After Debi placed third in the Olympics, she went off with her boyfriend — she married him a few weeks later — for five days to Aspen. So I called Jay Ogden, who was the agent, and said, I’m bored, what can I do? And he said, do you want to go to this pro-am ski event, there’s a big banquet and all these movie stars and corporate people, and they pay 100 or 200 thousand dollars each to put a skier up against a celebrity. And I said, yeah, I’ll go, so they got me a room and I watched the ski races. And that night, there was a cocktail party. And you remember at the Olympics, Debi focused on the first jumps, because she knew that Katarina had done well. And I knew that the Russian judge liked her so she could do well. Well, she made her mistake on her first jump and then got disheartened. So I go to this party that night and dress up in a suit and tie, and I got presented to President Gerald Ford and his wife. And I was the only one at this party with no money, I’m telling you [laughs]. So I get up to President Ford, and he gets all excited and says, Betty, it’s Alex McGowan, Debi’s coach. And in this loud voice, he says, did you get my letter? And all these CEOs are looking around, going, what letter, I didn’t get a letter [laughs]. And when we got back to the arena in Boulder, there was the letter, to Debi and her coach, saying, don’t give up for Worlds. Isn’t that something?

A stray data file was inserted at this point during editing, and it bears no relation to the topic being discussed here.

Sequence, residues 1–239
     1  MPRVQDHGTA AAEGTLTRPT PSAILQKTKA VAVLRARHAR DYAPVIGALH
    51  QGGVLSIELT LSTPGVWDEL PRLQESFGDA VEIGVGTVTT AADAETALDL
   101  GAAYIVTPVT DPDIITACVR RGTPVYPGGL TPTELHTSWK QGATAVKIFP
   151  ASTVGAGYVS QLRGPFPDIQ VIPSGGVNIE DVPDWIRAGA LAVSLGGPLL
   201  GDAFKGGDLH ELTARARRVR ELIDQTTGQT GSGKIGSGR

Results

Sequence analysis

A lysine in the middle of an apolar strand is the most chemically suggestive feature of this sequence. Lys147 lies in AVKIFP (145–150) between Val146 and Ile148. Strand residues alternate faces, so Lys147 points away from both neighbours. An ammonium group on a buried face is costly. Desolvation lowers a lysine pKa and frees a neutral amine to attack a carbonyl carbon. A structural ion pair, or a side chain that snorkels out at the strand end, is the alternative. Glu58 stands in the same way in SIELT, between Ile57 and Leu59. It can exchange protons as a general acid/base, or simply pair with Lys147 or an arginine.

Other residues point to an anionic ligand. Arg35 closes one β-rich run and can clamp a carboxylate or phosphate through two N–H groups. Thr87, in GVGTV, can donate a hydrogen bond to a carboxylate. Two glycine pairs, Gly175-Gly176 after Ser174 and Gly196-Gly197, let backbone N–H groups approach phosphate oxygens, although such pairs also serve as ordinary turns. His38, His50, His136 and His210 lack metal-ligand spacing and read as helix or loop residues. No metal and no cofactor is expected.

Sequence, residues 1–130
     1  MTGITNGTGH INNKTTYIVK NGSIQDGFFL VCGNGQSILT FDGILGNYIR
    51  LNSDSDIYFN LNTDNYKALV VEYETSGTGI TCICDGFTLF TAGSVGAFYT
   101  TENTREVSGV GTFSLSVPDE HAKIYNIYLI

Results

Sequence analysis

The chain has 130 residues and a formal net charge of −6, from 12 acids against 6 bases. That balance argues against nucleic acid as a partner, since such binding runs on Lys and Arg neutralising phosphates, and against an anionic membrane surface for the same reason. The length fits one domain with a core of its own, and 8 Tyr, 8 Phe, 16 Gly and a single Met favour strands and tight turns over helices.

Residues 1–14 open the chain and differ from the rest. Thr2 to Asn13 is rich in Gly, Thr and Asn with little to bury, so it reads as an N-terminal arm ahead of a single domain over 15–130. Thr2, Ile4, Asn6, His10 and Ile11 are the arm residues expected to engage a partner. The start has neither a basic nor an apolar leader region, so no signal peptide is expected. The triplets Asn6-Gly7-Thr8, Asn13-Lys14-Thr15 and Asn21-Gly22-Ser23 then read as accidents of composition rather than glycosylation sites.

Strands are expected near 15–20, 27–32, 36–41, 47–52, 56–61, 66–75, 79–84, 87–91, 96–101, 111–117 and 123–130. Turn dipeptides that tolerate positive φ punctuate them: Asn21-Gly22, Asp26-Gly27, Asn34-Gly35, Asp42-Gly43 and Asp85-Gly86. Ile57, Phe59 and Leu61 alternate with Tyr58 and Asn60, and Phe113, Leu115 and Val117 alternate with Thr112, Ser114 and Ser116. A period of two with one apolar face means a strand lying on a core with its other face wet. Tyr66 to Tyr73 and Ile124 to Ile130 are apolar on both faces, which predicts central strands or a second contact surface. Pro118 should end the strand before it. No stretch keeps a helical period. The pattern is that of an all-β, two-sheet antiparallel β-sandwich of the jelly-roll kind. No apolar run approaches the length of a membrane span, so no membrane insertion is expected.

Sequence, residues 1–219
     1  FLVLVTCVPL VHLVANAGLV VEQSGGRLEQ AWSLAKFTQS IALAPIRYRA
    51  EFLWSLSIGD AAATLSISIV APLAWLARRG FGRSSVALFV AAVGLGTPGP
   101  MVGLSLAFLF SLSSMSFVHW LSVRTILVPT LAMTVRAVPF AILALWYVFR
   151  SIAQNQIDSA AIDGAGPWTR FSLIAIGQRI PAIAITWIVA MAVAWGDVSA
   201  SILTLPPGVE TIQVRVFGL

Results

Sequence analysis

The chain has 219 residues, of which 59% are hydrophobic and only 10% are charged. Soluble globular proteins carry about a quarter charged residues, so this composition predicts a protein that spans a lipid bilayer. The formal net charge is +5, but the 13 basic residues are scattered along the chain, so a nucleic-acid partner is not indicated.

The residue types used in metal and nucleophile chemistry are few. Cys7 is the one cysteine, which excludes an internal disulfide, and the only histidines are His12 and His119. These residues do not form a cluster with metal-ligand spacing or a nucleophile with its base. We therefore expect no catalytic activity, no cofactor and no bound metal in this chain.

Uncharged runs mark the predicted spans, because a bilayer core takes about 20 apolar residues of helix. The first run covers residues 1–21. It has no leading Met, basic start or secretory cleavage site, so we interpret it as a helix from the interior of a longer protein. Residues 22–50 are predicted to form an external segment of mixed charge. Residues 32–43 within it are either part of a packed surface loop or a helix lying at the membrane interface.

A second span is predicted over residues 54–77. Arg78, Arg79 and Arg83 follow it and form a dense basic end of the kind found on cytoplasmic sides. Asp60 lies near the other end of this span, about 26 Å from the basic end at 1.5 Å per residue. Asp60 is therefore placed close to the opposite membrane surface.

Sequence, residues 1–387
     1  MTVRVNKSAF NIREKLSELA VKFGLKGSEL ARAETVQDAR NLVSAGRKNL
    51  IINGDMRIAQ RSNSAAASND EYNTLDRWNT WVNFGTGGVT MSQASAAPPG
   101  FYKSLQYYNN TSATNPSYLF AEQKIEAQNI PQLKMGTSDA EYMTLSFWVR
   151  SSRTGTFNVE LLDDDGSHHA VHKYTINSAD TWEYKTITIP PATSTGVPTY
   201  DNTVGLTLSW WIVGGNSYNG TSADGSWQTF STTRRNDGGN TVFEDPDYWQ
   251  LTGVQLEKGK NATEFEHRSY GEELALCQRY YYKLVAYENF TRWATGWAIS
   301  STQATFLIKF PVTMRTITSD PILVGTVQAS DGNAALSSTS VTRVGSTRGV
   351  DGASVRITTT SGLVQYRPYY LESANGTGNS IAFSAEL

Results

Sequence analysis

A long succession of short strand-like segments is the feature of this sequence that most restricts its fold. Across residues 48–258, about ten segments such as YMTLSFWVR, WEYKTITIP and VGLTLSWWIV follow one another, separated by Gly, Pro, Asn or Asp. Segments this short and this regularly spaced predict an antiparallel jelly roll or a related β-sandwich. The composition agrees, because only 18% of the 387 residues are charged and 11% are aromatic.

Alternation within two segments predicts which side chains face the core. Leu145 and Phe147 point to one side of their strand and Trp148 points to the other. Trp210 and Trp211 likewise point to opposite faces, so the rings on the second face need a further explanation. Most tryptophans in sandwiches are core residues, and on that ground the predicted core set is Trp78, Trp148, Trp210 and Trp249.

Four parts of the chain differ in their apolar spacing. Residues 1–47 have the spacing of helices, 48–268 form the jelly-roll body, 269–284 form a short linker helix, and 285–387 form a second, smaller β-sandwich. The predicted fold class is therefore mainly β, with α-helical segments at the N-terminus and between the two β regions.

And nobody knows this except for a few people, Christine Brennan, E.M. Swift, Phil Hersh — I had a skater, Lisa Tolbert, at Nationals on the same ice as Tonya [Harding]. So Tonya finishes her number and goes off, and I said to Lisa, let’s sit here and watch Nancy [Kerrigan]. So we sat and watched Nancy, and I said, OK, Lisa, off you go and I’ll see you tomorrow for practice. And I heard the screaming and the yelling [when Nancy Kerrigan was attacked], it was just behind the curtain, and I went over and the guard wouldn’t let me in and they were trying to clear the arena.  So I went out and was walking up the stairs, and I run into Doug Wilson, the director from ABC. And I said, Doug, you want to get a camera down there because Nancy’s been attacked. And he said, are you kidding me, because you kid everybody. And Doug said, no, I can’t do that, the pairs final is coming up in about five minutes and we can’t leave them. If you’re joking, I’ll never speak to you again. And I said, no, I’m not joking, I heard her screaming and the guard told me what happened. So I went to the arena and sit down, and Christine Brennan is sitting down, and I said, there’s a scoop downstairs for you, Nancy’s been attacked. And she said, it’s the [pairs final], I don’t know if I can leave, you could be wrong, but they haven’t come out in warmup, so I’ll go down there and try to see what’s going on, maybe she just smacked her butt or something. And then the people next to her, Steve Woodward from USA Today, and Phil Hersh — Christine said to them, I’m just going to check on something, and they said, what’s wrong? And she whispered, Alex thinks that Nancy’s been attacked like Monica Seles. And so about eight of them got up and went down. And Christine came back and said, you broke that big story, we want to thank you. And I said, I didn’t know it was a big story [laughs].